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August 20, 2013updated 31 Jan 2020 7:55am

Sea change: offshore safety and the legacy of Piper Alpha

The Piper Alpha disaster in 1988 shocked the world, and changed offshore safety management and legislation in the North Sea beyond recognition. Julian Turner charts the safety improvements that have taken place in the 25 years since the worst accident in the history of the oil and gas industry.

gas leaking from a faulty condensate pump ignited and exploded

Last month, a rededication ceremony and remembrance service marking the 25th anniversary of the Piper Alpha disaster was held in the newly restored memorial garden in Aberdeen’s Hazlehead Park.

Relatives of the victims, survivors, senior figures from the oil and gas industry, politicians and representatives from the Pound for Piper Memorial Trust gathered around the now iconic memorial sculpture.

Depicting three offshore workers, it stands as a poignant and permanent reminder that the lessons learned from the tragedy – fundamental lessons that continue to inform and underpin safety best practice on the UK Continental Shelf (UKCS) to this day – must never be forgotten.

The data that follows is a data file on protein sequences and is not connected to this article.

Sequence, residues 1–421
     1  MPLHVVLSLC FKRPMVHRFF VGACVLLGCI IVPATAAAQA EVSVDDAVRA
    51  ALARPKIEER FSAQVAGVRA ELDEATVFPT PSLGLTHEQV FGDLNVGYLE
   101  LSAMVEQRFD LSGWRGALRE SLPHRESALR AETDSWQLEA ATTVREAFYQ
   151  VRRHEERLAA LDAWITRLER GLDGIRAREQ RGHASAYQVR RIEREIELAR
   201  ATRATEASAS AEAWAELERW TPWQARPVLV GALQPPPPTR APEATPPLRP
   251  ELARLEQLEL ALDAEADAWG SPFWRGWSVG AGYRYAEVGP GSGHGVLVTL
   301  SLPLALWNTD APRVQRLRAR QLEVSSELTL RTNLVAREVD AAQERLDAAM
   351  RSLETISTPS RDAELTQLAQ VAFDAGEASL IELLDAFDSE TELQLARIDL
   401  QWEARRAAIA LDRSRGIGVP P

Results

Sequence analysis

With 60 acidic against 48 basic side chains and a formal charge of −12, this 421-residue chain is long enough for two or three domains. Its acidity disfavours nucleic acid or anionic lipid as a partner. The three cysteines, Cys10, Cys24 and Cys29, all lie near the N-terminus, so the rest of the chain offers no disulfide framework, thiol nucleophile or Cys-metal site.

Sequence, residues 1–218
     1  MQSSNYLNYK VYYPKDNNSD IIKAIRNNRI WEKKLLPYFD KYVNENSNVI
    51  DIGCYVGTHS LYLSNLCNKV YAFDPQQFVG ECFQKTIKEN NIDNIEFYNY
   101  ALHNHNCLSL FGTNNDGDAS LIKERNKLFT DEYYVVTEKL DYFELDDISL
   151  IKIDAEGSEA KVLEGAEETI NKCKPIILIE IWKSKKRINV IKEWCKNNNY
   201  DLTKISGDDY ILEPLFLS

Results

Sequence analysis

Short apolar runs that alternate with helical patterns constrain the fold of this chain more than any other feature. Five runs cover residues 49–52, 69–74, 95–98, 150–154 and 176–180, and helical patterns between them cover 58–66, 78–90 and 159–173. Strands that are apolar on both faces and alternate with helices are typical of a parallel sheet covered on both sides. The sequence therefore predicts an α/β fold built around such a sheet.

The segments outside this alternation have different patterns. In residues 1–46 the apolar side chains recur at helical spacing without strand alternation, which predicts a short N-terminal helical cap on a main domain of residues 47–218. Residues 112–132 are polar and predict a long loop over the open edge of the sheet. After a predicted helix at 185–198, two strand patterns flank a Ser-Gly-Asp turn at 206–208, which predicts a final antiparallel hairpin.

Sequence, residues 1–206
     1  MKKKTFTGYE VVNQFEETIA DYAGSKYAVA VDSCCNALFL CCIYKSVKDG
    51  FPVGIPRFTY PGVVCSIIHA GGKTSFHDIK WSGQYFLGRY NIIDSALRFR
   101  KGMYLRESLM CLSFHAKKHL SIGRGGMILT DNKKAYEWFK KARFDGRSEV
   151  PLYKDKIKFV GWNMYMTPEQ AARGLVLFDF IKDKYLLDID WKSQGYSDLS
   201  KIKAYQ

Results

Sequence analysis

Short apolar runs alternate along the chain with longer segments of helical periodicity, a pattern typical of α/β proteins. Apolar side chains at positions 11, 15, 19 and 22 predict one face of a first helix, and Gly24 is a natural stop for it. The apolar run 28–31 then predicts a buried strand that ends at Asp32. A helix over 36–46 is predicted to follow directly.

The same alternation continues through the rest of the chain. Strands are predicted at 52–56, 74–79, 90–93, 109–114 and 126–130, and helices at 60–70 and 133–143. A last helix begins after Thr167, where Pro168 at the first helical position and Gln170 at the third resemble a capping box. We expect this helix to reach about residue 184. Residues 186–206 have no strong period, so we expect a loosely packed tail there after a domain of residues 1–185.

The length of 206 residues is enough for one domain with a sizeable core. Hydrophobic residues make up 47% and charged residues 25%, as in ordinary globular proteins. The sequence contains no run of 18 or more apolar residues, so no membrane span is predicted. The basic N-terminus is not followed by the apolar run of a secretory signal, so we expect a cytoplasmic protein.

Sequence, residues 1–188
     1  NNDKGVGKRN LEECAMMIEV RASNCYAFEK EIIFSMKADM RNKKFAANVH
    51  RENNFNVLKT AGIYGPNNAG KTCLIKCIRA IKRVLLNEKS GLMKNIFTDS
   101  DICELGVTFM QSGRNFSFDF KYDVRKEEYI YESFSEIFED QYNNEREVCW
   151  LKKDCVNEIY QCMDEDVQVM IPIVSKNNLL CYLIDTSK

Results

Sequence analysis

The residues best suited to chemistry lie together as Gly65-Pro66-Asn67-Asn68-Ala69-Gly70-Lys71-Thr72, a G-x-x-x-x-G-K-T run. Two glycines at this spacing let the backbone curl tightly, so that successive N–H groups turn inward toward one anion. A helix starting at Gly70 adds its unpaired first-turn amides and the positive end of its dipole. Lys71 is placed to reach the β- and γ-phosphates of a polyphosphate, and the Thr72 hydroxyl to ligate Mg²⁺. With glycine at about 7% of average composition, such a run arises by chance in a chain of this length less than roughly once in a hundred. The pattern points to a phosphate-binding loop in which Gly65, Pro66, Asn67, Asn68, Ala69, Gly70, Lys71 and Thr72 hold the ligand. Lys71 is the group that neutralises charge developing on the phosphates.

Built in 1975 and situated in the Piper oil field approximately 120 miles north-east of Aberdeen, Piper Alpha was responsible for around ten percent of oil and gas production in the North Sea, about 300,000 barrels of oil a day, more than any other platform.

At around 9.55pm on 6 July 1988, gas leaking from a faulty condensate pump ignited and exploded. Three further explosions caused by ruptures in the pipelines connecting Piper Alpha to surrounding platforms and resulting fires in excess of 700°C decimated the 14,000t platform.

In the space of just two hours, 167 offshore workers perished. Thirty of the bodies have never been recovered. Miraculously, 61 men survived, some by jumping 175ft from the rig’s helicopter deck into the sea. In terms of lives lost, it remains the worst disaster in the history of the oil and gas industry.

Cullen Report and Offshore Installation (Safety Case) Regulations

“Upstream operators spent an estimated £1bn upgrading installation and management systems.”